slack-mouthed photo); a bulletin noting that Ms. Heinz Kerry had once called

Ted Kennedy worse than Nixon (“[i]n a 1971 interview with The Washington Post “).

The feistiest entry came from columnist Andrea Peyser, under the

headline “Bill ‘n’ Hill out of lip synch as the party’s odd couple.” Having

observed Mr. Clinton’s failed attempt to kiss his wife at a party, Ms. Peyser

concluded that the couple is completely and awkwardly estranged.

Ms. Peyser came away with the impression that Mr. Clinton would

rather have been, well, making time with a New

York Post columnist: “At one point, he placed his hand on my bare

shoulder.”

In a brief phone conversation, Ms. Peyser announced that her

reporting had no agenda, personal or institutional, behind it. She declined to

discuss her approach to convention coverage in any detail. “I only write what I

see, the way I see it,” Ms. Peyser said. That’s become a sort of war cry for

the Post .

Through a spokesperson, Post

editor Col Allan and president Lachlan Murdoch declined to comment on any

aspect of the paper’s convention coverage. But as the days of anodyne events

trickled by, reporters found less and less to complain about. Wednesday, Mr.

Morris and Kenneth Lovett reported that the G.O.P.’s reaction team had found

Mr. Clinton’s speech “clever-but often wrong on facts” and Washington bureau

chief Deborah Orin quoted an anonymous Republican operative as saying Ms. Heinz

Kerry’s subdued convention address had been “bizarre.”

By Thursday, describing Mr. Kerry’s arrival in Boston,

correspondent Stefan C. Friedman was seeing much what the rest of the media

saw, to judge from the coverage: “Like a conquering hero, John Kerry returned

home yesterday standing at the bow of a harbor cruise boat surrounded by more

than a dozen of his Vietnam War crew mates.” But as if to remind readers that

not all is well in Democrat-land, Post

editors tucked a completely unrelated story, about the Democratic National

Committee’s entanglement with “disgraced developer” Charles Kushner, in the

middle of the boat story.

And confronted with a well-behaved Ms. Heinz Kerry, Ms. Peyser

had to criticize her for not being out of control-for being “a sonorous,

facially expressionless, peace-sign-flashing, purposefully maternal zombie.”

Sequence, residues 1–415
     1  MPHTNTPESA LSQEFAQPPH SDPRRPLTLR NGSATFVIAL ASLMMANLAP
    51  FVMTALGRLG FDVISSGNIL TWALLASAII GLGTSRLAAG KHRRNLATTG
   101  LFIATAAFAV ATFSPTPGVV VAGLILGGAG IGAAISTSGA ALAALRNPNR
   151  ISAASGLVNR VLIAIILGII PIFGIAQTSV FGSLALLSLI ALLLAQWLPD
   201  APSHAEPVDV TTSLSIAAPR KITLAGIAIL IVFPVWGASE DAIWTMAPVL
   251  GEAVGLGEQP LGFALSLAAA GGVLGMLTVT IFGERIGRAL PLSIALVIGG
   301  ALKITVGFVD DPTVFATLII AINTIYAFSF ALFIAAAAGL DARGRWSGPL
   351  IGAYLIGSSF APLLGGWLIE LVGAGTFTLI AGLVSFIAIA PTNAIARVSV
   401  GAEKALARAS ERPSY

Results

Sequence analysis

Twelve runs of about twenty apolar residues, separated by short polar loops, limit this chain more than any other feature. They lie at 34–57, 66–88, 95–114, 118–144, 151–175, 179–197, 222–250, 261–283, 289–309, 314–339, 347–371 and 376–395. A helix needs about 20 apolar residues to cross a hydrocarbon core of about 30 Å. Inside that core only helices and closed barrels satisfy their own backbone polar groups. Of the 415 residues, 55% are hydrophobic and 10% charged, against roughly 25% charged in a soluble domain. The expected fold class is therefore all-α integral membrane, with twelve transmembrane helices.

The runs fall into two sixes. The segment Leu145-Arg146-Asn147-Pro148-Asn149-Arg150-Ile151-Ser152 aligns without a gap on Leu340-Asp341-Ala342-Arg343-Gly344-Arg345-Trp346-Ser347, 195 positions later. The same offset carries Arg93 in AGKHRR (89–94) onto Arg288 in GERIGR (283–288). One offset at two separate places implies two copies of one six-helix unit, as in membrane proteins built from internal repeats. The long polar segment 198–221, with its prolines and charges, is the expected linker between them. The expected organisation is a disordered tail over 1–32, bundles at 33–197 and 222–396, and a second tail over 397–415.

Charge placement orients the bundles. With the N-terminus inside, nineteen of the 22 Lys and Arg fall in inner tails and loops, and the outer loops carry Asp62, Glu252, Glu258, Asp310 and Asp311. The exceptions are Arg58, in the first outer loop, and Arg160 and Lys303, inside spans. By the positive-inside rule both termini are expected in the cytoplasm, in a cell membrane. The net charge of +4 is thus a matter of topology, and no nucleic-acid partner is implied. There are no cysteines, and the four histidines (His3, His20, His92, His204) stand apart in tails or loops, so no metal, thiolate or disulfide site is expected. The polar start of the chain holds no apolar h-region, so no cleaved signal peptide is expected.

The Bush meter hovered in the mild middle of the scale.

So when the war came Friday, the Post ‘s troops were spent. Mr. Kerry “touched all the right bases in

a well-received speech,” David Seifman wrote in an analysis piece. Ms. Orin

wrote that Mr. Kerry “gave what some analysts rated the speech of his

life”-though she also noted that the candidate “ignored virtually his entire

19-year Senate record, which got him the rating as its No. 1 most liberal

member.” (In fact, National Journal ,

which issued Mr. Kerry’s No. 1 liberal rating for 2003, had only rated him No.

11 for his entire career.)

It remains to be seen whether the Post ‘s coverage of the D.N.C. will seep into the bloodstream:

Already, People magazine’s profile of

the extended Kerry campaign, a favorable treatment with a posed photograph,

bore the headline “Trail Mix,” suggesting an assortment of nuts. By the time of

the Republican convention at the end of the month, it will perhaps be clear who

else follows the lead.

Ms. Peyser, like the last Japanese soldier in the jungle, refused

to give out at the end of the week, accusing Mr. Kerry of saying “absolutely

zilch of substance.”

Even the clever layout items took it easy on the nominee. Lou

Lumenick gave Mr. Kerry’s campaign film short, A Remarkable Promise , three stars. A report card graded Mr. Kerry’s

speech out at a B-plus.

And the Bush-Bashing Meter, redubbed the Bush-O-Meter, rose to a

modest “8 out of 10.”

In drawing the needle, though, someone had pinned it clear to the

top of the scale.

The

New York Times has a new czar, and he hails from the provinces. Tuesday

afternoon, editor Bill Keller announced that the paper will be elevating

Washington editor Richard L. Berke to a newly created position, tentatively

called associate managing editor for news.

Mr. Keller’s memo describes the job as being to “propel the daily

news coverage, the way Jon Landman (before detouring to Culture) was driving

enterprise, or Adam Moss (before defecting) was driving features.” That means

duties ranging from “harvesting ideas” to focusing coverage of “big breaking or

running stories,” according to the memo.

Mr. Berke, currently the No. 2 person in the Washington bureau,

said that he had been talking with Times

brass about moving to some other job for a while, but the czarship offer

“happened pretty quickly.”

One thing Mr. Berke won’t bring to the position is much firsthand

experience of life on West 43rd Street. “There’s a lot I need to learn about

the New York operations,” he said. His last prolonged exposure to New York, he

said, came when he went to journalism school at Columbia. “I haven’t lived

there since ’81,” he said.

The Times has not yet

chosen a replacement for Mr. Berke, who will be moving to New York in

January-assuming that the election is over by then. And if this contest spills

over into 2005? “If that were to happen, I’m sure we’d have to adjust,” Mr.

Berke said.